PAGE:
Though laser diode wavelengths vary several nanometers from laser to laser, advantageously, the variance will normally remain very consistent over the operating range and lifetime of individual lasers. Likewise, variances in lens thickness and curvature do not vary for an individual lens once produced. Thus, the errors due to each are measurable and constant. Since spherical aberration is a “signed” aberration (it may have a positive or negative value), a positive level of spherical aberration caused by an objective lens may be compensated by pairing the lens with a laser having a nearly equivalent amount of negative spherical aberration caused by the measured actual frequency of a laser.
This invention thus calls for the sorting of objective lenses based on their level of spherical aberration at a nominal laser wavelength, and then matching the objectives with a laser diode that has a wavelength that would introduce a compensating amount of spherical aberration. By following this process a much larger range of variations in objective thicknesses and laser wavelengths can be accepted for use in the build of optical drives.
Referring now to
At 120, a test is performed on the manufactured objective lens to determine the magnitude of spherical aberration, known as the Z8 term, at a predetermined wavelength for which the lens is designed. This is done using a standard laser having a known wavelength. In the example shown in
At 130, the slope identified at 110, and the intercept value determined at 120, are used to plot the curves of Z8 versus wavelength for one or more objective lenses. The curves are plotted at least until the Z8=0 line is crossed. The intersections of the curves and the Z8=0 line are used at 140 to determine the approximate wavelength that, for a given objective lens, will result in minimal spherical aberration. Once a curve is plotted for an objective lens, and the wavelength corresponding to Z8=0 has been identified, that lens is designated for use at that identified wavelength.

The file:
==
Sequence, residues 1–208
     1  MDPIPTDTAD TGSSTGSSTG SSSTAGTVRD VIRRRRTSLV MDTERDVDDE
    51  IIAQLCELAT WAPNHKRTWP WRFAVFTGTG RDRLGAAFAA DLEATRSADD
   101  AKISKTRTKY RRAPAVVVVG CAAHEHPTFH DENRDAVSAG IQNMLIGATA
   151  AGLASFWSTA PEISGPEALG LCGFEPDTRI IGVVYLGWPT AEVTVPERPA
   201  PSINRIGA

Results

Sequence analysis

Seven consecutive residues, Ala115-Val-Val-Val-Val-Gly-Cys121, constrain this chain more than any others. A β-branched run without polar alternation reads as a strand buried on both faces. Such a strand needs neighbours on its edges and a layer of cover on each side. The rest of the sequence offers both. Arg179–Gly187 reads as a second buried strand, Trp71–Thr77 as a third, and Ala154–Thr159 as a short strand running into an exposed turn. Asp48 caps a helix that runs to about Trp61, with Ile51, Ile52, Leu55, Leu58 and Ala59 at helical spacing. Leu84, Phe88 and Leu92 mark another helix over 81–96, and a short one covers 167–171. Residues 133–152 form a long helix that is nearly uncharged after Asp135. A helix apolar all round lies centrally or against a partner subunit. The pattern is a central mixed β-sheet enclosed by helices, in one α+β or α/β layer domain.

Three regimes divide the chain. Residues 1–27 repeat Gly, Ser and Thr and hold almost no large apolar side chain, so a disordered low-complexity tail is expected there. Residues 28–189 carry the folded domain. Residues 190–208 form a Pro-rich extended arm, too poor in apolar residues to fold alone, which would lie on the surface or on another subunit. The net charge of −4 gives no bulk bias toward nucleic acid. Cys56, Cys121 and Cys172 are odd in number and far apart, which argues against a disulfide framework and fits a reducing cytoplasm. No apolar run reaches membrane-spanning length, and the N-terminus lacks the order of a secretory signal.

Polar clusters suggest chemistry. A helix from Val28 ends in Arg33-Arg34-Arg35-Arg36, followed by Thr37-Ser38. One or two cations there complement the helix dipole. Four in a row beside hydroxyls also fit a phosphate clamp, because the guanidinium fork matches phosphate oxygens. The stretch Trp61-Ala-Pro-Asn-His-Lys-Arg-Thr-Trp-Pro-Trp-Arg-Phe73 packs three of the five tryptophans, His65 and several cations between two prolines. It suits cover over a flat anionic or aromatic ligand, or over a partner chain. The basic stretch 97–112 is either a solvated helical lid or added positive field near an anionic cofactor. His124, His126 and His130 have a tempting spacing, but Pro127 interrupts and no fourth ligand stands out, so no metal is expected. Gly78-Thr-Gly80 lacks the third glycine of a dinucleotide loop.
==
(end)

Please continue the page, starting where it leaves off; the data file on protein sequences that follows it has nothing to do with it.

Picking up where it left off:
At 160, manufacturing economy is considered when assembling optical read/write systems. Assuming a stockpile of objective lenses have all been identified for use with various wavelengths at 150, and a separate stockpile of laser diodes have been tested and measured for actual operating wavelengths, the lasers are now paired with objective lenses based on wavelength. Manufacturing economy is considered when determining the acceptable difference between an optimal Z8=0 wavelength and the operating wavelength of a laser diode with which the objective lens may be paired.
By way of example, reference is made to
Referring now to
A light beam reflected from media 7 are then projected back through matched objective lens 107 and collimator 5 to reach beam splitter 3. In this case, beam splitter 3 allows these light signals to pass through the beam splitter and project to a wedge prism 11. Next, the signal is focused upon a photodiode detector 13. In this manner, the laser and related components can be utilized to detect signals and data structures stored upon the surface of media 9.
Those skilled in the art will further appreciate that the present invention may be embodied in other specific forms without departing from the spirit or central attributes thereof. In that the foregoing description of the present invention discloses only exemplary embodiments thereof, it is to be understood that other variations are contemplated as being within the scope of the present invention. By way of example only, one skilled in the art would appreciate that laser beam frequency is directly related to beam wavelength and could be substituted in all aforementioned and claimed applications of wavelength. Accordingly, the present invention is not limited in the particular embodiments which have been described in detail therein. Rather, reference should be made to the appended claims as indicative of the scope and content of the present invention.
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|U.S. Classification||369/44.23, 369/53.27, 369/53.26, G9B/7.128|
|International Classification||G11B7/135, G11B7/00|
|May 27, 2003||AS||Assignment|
Owner name: PLASMON LMS, INC., COLORADO
Free format text: ASSIGNMENT OF ASSIGNORS INTEREST;ASSIGNORS:RUSSELL, ROBERT G.;STAHL, RONALD P.;REEL/FRAME:014113/0376
Effective date: 20030521
|Feb 4, 2010||AS||Assignment|
Owner name: ALLIANCE STORAGE TECHNOLOGIES, INC.,COLORADO
Free format text: ASSIGNMENT OF ASSIGNORS INTEREST;ASSIGNORS:SILICON VALLEY BANK;PLASMON, INC.;PLASMON IDE, INC.;AND OTHERS;REEL/FRAME:023892/0598
Effective date: 20090102
|Jul 27, 2010||FPAY||Fee payment|
Year of fee payment: 4
|Dec 5, 2014||REMI||Maintenance fee reminder mailed|
|Apr 24, 2015||LAPS||Lapse for failure to pay maintenance fees|
|Jun 16, 2015||FP||Expired due to failure to pay maintenance fee|
Effective date: 20150424